But a first aid expert has revealed that many everyday items could actually cause serious harm to young kids – either from choking, strangulation or poisoning.

Tiny Hearts First Aid's co-founder and national training manager, Rachael Waia, analysed a handbag with 16 everyday items.

According to the expert, every single one of them could pose a serious threat to a child.

The handbag contained items such as Bonjela, an iPhone charging wire, a hairbrush and chewing gum.

Rachael pointed out that the loose coins at the bottom of the bag can be a choking risk for kids, with each size being a hazard for different age groups.

She added to the MailOnline: “The silver and gold in the coins can also be a poisoning risk, as can be the amount of germs that sit on our coins.”

Meanwhile the lids on the Bonjela, an ulcer soother, and highlighter don’t typically come with safety caps, and can also be a choking hazard.

The headphones and charging cable can cause strangulation if little ones get their hands on them.

Also posing a risk of getting caught round a youngster’s neck, wrists, fingers or toes is hair from the hair brush, as well the elastic band.

Meanwhile batteries can burn the airways – including those found in electronic car keys.

What items can cause hidden dangers in your handbag?

  • A coin can block an infant's airways and cause illnes with germs
  • Chewing gum can cause suffocation and is a choking hazard
  • Chocolate may cause allergies or choking
  • Headphones and charging wires can cause suffocation.
  • Bonjela caps, pen lids and highlighter lids are a choking hazard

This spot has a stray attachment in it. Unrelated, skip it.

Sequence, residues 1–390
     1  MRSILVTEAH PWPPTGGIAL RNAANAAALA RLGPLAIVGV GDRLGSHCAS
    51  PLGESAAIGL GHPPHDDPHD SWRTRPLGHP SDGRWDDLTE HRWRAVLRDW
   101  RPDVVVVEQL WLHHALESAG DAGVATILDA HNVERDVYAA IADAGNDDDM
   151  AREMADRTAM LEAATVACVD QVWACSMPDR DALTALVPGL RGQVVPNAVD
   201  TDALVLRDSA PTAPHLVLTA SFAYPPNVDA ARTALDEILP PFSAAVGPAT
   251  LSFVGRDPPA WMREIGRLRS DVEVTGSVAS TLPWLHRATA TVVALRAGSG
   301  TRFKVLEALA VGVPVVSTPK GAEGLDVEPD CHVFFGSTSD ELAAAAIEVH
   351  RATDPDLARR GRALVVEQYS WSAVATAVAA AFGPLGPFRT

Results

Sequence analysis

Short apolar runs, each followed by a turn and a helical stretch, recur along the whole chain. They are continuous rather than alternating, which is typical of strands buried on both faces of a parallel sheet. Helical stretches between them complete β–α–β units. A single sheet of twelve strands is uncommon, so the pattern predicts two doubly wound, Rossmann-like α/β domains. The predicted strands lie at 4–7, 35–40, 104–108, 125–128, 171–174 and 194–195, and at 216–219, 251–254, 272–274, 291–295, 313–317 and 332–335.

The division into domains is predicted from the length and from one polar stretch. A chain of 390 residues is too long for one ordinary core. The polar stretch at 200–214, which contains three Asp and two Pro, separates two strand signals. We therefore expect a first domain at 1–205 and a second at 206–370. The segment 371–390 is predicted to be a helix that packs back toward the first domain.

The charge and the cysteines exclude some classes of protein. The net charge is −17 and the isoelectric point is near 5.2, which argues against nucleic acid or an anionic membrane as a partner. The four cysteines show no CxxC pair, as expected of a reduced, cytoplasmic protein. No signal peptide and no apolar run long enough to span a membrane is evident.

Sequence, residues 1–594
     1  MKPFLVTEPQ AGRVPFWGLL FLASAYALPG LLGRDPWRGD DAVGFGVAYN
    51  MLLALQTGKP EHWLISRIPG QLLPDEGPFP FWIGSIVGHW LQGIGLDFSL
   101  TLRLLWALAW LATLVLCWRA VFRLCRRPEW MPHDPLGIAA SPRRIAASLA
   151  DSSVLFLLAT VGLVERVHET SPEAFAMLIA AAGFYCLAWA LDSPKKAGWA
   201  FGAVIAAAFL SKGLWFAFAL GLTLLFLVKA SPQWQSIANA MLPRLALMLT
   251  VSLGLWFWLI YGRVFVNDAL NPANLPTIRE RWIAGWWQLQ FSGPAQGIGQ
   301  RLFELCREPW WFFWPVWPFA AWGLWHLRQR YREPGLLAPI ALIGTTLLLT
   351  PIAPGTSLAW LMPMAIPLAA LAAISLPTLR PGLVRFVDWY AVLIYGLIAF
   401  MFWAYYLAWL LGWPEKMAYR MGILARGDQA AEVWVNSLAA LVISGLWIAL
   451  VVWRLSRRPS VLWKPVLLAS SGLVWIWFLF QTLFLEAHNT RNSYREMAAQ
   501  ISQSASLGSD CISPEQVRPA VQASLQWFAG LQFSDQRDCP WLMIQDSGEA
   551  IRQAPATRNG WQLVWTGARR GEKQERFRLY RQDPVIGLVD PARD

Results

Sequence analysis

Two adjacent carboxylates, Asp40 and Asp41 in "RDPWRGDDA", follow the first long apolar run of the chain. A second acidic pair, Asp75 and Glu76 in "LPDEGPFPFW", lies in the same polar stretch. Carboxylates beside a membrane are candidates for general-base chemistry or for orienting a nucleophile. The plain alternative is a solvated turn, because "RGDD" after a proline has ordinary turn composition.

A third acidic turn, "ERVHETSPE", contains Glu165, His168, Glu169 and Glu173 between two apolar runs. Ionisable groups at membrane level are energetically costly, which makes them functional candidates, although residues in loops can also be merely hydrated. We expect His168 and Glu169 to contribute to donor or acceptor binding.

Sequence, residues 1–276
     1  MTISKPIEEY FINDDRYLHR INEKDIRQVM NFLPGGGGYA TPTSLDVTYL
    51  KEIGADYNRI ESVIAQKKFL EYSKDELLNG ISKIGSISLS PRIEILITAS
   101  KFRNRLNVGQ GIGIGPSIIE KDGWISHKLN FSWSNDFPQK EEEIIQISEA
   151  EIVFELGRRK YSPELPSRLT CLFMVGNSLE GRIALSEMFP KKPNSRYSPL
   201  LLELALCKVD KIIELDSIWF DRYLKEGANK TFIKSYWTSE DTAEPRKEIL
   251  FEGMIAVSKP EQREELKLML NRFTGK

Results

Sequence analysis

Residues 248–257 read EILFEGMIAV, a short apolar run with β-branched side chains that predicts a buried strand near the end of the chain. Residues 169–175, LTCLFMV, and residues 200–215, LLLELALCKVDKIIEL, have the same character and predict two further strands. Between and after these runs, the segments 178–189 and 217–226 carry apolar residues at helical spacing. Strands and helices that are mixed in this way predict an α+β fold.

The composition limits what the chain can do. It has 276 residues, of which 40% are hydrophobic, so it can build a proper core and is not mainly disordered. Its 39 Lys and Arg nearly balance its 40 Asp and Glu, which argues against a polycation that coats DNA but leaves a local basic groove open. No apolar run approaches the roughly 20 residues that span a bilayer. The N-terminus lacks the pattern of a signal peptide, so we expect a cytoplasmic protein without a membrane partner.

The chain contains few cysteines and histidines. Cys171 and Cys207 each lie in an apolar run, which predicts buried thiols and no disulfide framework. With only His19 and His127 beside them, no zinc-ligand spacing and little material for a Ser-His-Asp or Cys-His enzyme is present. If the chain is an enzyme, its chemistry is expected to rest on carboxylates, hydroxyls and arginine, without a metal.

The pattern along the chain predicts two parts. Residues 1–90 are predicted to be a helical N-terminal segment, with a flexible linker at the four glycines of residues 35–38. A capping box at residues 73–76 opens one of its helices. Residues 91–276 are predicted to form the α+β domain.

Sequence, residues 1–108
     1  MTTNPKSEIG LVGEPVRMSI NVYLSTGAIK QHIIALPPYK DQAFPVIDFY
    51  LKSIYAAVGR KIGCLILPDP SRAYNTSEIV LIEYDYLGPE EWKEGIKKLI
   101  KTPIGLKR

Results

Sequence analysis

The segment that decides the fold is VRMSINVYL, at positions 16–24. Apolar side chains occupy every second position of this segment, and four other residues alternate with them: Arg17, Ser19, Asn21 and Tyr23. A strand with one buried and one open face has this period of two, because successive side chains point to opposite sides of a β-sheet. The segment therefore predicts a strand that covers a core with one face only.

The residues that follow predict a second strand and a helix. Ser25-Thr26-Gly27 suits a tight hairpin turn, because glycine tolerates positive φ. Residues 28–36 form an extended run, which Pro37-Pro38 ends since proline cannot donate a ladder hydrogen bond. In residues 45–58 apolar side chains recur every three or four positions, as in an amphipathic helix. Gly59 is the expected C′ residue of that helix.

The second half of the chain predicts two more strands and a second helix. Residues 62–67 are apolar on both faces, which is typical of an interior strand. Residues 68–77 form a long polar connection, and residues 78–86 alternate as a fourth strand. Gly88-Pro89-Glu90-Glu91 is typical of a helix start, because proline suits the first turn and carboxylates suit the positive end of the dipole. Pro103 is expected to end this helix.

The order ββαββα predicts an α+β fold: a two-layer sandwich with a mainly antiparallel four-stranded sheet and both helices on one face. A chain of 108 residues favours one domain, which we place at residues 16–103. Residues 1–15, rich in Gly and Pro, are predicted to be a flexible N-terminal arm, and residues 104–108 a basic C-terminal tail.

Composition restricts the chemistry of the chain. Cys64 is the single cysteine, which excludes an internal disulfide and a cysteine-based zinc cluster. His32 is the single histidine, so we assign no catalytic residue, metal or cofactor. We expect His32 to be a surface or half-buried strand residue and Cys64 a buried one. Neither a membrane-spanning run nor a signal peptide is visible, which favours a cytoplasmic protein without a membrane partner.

• Paracetamol and ibuprofen can poison a young child
  • The hair on a hairbrush and elastic bands can cut off circulation to tiny wrists, fingers and toes 
  • Batteries can be both choked on or can poison a child, including those in electronic car keys
  • Batteries in car keys can cause burns to the airways if swallowed

Rachael added: “The chewing gum is a problem too, because most children don't know to chew it and so it becomes quite gummy in their mouth and can easily cover the top of their throat.”

And medication such as ibuprofen can accidentally poison a child or block their airway if it gets stuck in their throat.

She also explained that chocolate can look like a tasty snack for kids, but could be a choking hazard or even cause an allergic reaction depending on the ingredients.

You should call 999 if your child has swallowed an item you believe is dangerous.

What should you do if your baby is choking?

Step 1. Give your baby five back blows

Hold your baby face down, resting them along your thigh with their head lower than their bottom.

Hit them firmly on their back between the shoulder blades up to five times.

If back blows don't dislodge the object, move on to step two.

Step 2. Give up to five chest thrusts

Turn your baby over so they are facing upwards and place two fingers in the middle of their chest just below the nipples.

Push sharply downwards up to five times.

Step 3. Call 999 if the object does not dislodge

Continue with cycles of back blows and chest thrusts until the blockage clears or help arrives.

Here are the first aid skills EVERY parent needs to know, from choking to fits, burns and baby CPR. 

We previously shared how kids as young as FOUR taught about relationships and internet dangers in sex education shake-up.

Abd a concerned mum said Mini Eggs ‘mustn’t be given to kids under 4’ and should always be cut in HALF.

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